Native title and North Stradbroke Island

I have not come here today to give anything to the Quandamooka People.  These orders give them nothing.  Rather, I come on behalf of all Australian People to recognise their existing rights and interests, which rights and interests have their roots in times before 1788, only some of which have survived European settlement. Those surviving rights and interests I now acknowledge - Judge Dowsett, 4 July 2011

The Quandamooka People's native title consent determinations cover most of North Stradbroke Island, Peel Island, Goat Island, Bird Island, Stingaree Island, Crab Island and the surrounding waters of Moreton Bay.

These areas are the result of two claims made by the Quandamooka people in 1995 and 1999, on which the Federal Court made its determinations.

The determinations recognise the Quandamooka People's rights to:

  • live and be present on the determination areas
  • conduct traditional ceremonies
  • take, use, share and exchange traditional natural resources
  • conduct burial rites, teach about the physical and spiritual attributes of the area
  • maintain places of importance and areas of significance.

On Monday 4 July 2011, the Redland City Council and the Quandamooka People signed an Indigenous Land Use Agreement, setting out broad principles and mechanisms for how the parties will work together and meet responsibilities for mutual benefits.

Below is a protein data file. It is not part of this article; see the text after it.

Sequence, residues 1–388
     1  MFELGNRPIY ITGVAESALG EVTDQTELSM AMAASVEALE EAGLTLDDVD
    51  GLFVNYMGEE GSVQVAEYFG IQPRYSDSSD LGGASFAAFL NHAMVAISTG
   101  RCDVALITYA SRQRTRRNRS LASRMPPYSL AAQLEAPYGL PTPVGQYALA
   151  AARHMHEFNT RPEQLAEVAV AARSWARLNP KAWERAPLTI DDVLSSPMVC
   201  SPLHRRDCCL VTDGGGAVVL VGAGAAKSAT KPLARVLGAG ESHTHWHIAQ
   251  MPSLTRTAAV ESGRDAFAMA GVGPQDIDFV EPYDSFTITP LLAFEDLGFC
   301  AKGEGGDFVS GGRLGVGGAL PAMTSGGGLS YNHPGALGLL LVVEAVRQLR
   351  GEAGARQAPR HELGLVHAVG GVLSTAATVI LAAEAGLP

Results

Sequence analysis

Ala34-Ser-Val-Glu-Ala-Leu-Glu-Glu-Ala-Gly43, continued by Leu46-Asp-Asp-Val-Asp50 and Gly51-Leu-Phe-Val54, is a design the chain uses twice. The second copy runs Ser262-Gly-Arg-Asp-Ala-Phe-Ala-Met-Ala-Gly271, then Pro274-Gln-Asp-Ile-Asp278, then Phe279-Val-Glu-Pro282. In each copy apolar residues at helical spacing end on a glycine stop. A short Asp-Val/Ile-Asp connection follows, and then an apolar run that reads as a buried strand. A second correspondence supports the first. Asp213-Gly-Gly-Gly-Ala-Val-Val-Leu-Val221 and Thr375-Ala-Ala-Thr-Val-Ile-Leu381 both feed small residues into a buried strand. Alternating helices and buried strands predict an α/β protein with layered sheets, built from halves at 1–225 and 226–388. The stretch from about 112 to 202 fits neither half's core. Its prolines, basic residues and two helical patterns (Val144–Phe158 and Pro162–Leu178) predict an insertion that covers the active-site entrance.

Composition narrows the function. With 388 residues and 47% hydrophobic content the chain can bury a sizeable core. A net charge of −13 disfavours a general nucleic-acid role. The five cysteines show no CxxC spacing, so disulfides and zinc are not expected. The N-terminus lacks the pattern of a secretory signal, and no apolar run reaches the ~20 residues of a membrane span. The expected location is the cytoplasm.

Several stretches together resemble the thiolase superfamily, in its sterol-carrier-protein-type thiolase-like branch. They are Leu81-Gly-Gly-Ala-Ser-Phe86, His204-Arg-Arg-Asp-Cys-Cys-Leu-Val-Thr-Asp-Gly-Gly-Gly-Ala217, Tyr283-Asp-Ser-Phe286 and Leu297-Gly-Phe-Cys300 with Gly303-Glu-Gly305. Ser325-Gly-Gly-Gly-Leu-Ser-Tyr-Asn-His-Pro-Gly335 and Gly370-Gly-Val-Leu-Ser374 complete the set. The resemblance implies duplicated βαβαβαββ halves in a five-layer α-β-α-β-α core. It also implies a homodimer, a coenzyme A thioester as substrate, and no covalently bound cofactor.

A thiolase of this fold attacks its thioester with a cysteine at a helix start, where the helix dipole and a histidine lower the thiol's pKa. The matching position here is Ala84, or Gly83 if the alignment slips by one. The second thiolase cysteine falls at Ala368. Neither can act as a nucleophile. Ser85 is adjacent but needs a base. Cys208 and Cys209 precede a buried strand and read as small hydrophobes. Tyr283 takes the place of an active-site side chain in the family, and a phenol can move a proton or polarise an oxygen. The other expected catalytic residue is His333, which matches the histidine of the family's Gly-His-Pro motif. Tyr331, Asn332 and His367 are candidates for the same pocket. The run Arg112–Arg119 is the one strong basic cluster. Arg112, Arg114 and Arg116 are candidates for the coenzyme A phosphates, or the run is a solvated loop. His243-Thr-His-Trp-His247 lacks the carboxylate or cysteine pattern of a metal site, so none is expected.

Mayor Hobson with Ian Delaney

Quote from speech of previous Mayor Melva Hobson:

Monday July 4 was an historic day for the Quandamooka people of North Stradbroke Island and for all who witnessed and shared in the day.
The Federal Court officially recognised the continuous connection of the island's indigenous community to the land and waters of this beautiful island, formally granting land rights to the Quandamooka people.
That decision is celebrated by the Redlands community who have already acknowledged the important and rich thread of indigenous culture in our community, through the Redlands 2030 Community Plan.
In coming weeks and months, the details of agreements that flow from the Court’s decisions will become clearer. But it is already a fact that the granting of land rights will not affect freehold land or continued public access to public land, facilities and the island foreshore.
I invite you to join us in congratulating the Quandamooka People and celebrating the importance of this decision for the future development of Stradbroke Island.

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